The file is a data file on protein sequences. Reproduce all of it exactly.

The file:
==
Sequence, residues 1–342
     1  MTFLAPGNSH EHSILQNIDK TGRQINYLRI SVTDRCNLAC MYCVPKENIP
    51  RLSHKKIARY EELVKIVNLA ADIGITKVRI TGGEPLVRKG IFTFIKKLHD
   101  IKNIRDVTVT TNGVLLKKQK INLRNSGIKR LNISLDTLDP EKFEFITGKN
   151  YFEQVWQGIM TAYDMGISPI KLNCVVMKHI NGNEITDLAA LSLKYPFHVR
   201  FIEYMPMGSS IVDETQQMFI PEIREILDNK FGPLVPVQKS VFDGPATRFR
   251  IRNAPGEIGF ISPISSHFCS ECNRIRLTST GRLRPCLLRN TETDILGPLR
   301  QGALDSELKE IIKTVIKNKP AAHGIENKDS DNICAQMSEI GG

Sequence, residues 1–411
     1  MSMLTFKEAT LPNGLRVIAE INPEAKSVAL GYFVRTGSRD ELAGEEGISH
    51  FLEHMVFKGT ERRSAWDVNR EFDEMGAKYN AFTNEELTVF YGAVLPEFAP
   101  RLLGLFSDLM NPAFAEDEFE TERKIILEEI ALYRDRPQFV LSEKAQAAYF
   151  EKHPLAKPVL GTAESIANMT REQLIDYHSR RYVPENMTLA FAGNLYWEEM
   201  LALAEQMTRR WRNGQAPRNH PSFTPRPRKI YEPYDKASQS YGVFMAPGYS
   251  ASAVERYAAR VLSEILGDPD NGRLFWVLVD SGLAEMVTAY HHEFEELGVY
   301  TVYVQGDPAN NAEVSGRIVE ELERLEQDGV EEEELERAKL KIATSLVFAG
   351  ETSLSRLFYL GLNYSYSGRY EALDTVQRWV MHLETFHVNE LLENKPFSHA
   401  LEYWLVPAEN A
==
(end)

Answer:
Sequence, residues 1–342
     1  MTFLAPGNSH EHSILQNIDK TGRQINYLRI SVTDRCNLAC MYCVPKENIP
    51  RLSHKKIARY EELVKIVNLA ADIGITKVRI TGGEPLVRKG IFTFIKKLHD
   101  IKNIRDVTVT TNGVLLKKQK INLRNSGIKR LNISLDTLDP EKFEFITGKN
   151  YFEQVWQGIM TAYDMGISPI KLNCVVMKHI NGNEITDLAA LSLKYPFHVR
   201  FIEYMPMGSS IVDETQQMFI PEIREILDNK FGPLVPVQKS VFDGPATRFR
   251  IRNAPGEIGF ISPISSHFCS ECNRIRLTST GRLRPCLLRN TETDILGPLR
   301  QGALDSELKE IIKTVIKNKP AAHGIENKDS DNICAQMSEI GG

Sequence, residues 1–411
     1  MSMLTFKEAT LPNGLRVIAE INPEAKSVAL GYFVRTGSRD ELAGEEGISH
    51  FLEHMVFKGT ERRSAWDVNR EFDEMGAKYN AFTNEELTVF YGAVLPEFAP
   101  RLLGLFSDLM NPAFAEDEFE TERKIILEEI ALYRDRPQFV LSEKAQAAYF
   151  EKHPLAKPVL GTAESIANMT REQLIDYHSR RYVPENMTLA FAGNLYWEEM
   201  LALAEQMTRR WRNGQAPRNH PSFTPRPRKI YEPYDKASQS YGVFMAPGYS
   251  ASAVERYAAR VLSEILGDPD NGRLFWVLVD SGLAEMVTAY HHEFEELGVY
   301  TVYVQGDPAN NAEVSGRIVE ELERLEQDGV EEEELERAKL KIATSLVFAG
   351  ETSLSRLFYL GLNYSYSGRY EALDTVQRWV MHLETFHVNE LLENKPFSHA
   401  LEYWLVPAEN A